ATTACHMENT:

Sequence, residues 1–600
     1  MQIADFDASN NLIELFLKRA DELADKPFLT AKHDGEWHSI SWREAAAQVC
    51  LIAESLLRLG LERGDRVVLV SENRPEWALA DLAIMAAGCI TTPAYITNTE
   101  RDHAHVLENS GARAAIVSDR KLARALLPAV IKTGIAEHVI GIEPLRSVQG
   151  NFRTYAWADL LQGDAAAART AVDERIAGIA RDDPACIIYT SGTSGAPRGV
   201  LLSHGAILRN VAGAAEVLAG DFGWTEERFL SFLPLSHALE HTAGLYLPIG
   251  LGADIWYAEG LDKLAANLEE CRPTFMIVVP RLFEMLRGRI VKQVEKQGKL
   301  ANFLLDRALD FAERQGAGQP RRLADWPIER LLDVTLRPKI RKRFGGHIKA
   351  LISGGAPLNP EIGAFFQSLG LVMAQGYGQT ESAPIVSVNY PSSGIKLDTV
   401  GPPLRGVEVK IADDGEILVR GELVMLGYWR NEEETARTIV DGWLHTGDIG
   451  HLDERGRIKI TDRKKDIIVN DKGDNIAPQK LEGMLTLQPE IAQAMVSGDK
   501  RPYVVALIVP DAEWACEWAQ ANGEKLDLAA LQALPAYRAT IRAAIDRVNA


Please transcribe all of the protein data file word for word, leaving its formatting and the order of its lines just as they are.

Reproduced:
Sequence, residues 1–600
     1  MQIADFDASN NLIELFLKRA DELADKPFLT AKHDGEWHSI SWREAAAQVC
    51  LIAESLLRLG LERGDRVVLV SENRPEWALA DLAIMAAGCI TTPAYITNTE
   101  RDHAHVLENS GARAAIVSDR KLARALLPAV IKTGIAEHVI GIEPLRSVQG
   151  NFRTYAWADL LQGDAAAART AVDERIAGIA RDDPACIIYT SGTSGAPRGV
   201  LLSHGAILRN VAGAAEVLAG DFGWTEERFL SFLPLSHALE HTAGLYLPIG
   251  LGADIWYAEG LDKLAANLEE CRPTFMIVVP RLFEMLRGRI VKQVEKQGKL
   301  ANFLLDRALD FAERQGAGQP RRLADWPIER LLDVTLRPKI RKRFGGHIKA
   351  LISGGAPLNP EIGAFFQSLG LVMAQGYGQT ESAPIVSVNY PSSGIKLDTV
   401  GPPLRGVEVK IADDGEILVR GELVMLGYWR NEEETARTIV DGWLHTGDIG
   451  HLDERGRIKI TDRKKDIIVN DKGDNIAPQK LEGMLTLQPE IAQAMVSGDK
   501  RPYVVALIVP DAEWACEWAQ ANGEKLDLAA LQALPAYRAT IRAAIDRVNA